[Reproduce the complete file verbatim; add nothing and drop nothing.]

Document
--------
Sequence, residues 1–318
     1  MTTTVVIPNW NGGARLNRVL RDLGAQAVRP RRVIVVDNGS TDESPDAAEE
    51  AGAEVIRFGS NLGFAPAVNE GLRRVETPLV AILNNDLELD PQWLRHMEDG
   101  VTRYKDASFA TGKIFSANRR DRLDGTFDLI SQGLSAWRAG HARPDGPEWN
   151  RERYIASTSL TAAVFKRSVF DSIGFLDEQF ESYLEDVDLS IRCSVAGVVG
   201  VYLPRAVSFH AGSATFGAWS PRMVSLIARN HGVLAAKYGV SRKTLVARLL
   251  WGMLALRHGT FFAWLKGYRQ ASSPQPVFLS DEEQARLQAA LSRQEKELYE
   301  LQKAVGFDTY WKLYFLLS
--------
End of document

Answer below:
Sequence, residues 1–318
     1  MTTTVVIPNW NGGARLNRVL RDLGAQAVRP RRVIVVDNGS TDESPDAAEE
    51  AGAEVIRFGS NLGFAPAVNE GLRRVETPLV AILNNDLELD PQWLRHMEDG
   101  VTRYKDASFA TGKIFSANRR DRLDGTFDLI SQGLSAWRAG HARPDGPEWN
   151  RERYIASTSL TAAVFKRSVF DSIGFLDEQF ESYLEDVDLS IRCSVAGVVG
   201  VYLPRAVSFH AGSATFGAWS PRMVSLIARN HGVLAAKYGV SRKTLVARLL
   251  WGMLALRHGT FFAWLKGYRQ ASSPQPVFLS DEEQARLQAA LSRQEKELYE
   301  LQKAVGFDTY WKLYFLLS